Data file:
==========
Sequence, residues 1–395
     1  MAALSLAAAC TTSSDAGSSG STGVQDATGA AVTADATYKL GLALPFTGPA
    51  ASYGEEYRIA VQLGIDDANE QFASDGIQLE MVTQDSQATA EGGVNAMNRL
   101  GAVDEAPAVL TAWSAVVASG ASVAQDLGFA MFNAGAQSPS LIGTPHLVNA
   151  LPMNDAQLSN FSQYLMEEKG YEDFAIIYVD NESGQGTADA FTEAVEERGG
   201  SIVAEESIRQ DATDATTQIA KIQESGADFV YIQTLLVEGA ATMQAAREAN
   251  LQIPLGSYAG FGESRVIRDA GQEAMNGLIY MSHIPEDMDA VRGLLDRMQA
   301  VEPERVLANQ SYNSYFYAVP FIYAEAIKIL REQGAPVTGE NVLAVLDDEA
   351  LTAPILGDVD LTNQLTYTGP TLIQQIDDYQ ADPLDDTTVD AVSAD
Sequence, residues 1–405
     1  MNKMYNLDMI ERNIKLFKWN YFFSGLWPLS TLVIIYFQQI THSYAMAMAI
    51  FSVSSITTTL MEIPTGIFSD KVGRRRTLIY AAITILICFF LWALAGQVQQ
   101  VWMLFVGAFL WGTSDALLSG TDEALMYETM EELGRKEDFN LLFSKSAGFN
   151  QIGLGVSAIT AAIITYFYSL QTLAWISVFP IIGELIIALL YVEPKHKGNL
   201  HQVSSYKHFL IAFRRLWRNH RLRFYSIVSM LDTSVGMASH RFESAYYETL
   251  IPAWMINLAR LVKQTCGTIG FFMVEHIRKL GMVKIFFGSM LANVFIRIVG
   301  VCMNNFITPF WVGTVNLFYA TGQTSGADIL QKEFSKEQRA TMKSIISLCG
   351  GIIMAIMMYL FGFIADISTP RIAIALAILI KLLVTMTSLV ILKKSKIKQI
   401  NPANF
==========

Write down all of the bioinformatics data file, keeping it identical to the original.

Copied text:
Sequence, residues 1–395
     1  MAALSLAAAC TTSSDAGSSG STGVQDATGA AVTADATYKL GLALPFTGPA
    51  ASYGEEYRIA VQLGIDDANE QFASDGIQLE MVTQDSQATA EGGVNAMNRL
   101  GAVDEAPAVL TAWSAVVASG ASVAQDLGFA MFNAGAQSPS LIGTPHLVNA
   151  LPMNDAQLSN FSQYLMEEKG YEDFAIIYVD NESGQGTADA FTEAVEERGG
   201  SIVAEESIRQ DATDATTQIA KIQESGADFV YIQTLLVEGA ATMQAAREAN
   251  LQIPLGSYAG FGESRVIRDA GQEAMNGLIY MSHIPEDMDA VRGLLDRMQA
   301  VEPERVLANQ SYNSYFYAVP FIYAEAIKIL REQGAPVTGE NVLAVLDDEA
   351  LTAPILGDVD LTNQLTYTGP TLIQQIDDYQ ADPLDDTTVD AVSAD
Sequence, residues 1–405
     1  MNKMYNLDMI ERNIKLFKWN YFFSGLWPLS TLVIIYFQQI THSYAMAMAI
    51  FSVSSITTTL MEIPTGIFSD KVGRRRTLIY AAITILICFF LWALAGQVQQ
   101  VWMLFVGAFL WGTSDALLSG TDEALMYETM EELGRKEDFN LLFSKSAGFN
   151  QIGLGVSAIT AAIITYFYSL QTLAWISVFP IIGELIIALL YVEPKHKGNL
   201  HQVSSYKHFL IAFRRLWRNH RLRFYSIVSM LDTSVGMASH RFESAYYETL
   251  IPAWMINLAR LVKQTCGTIG FFMVEHIRKL GMVKIFFGSM LANVFIRIVG
   301  VCMNNFITPF WVGTVNLFYA TGQTSGADIL QKEFSKEQRA TMKSIISLCG
   351  GIIMAIMMYL FGFIADISTP RIAIALAILI KLLVTMTSLV ILKKSKIKQI
   401  NPANF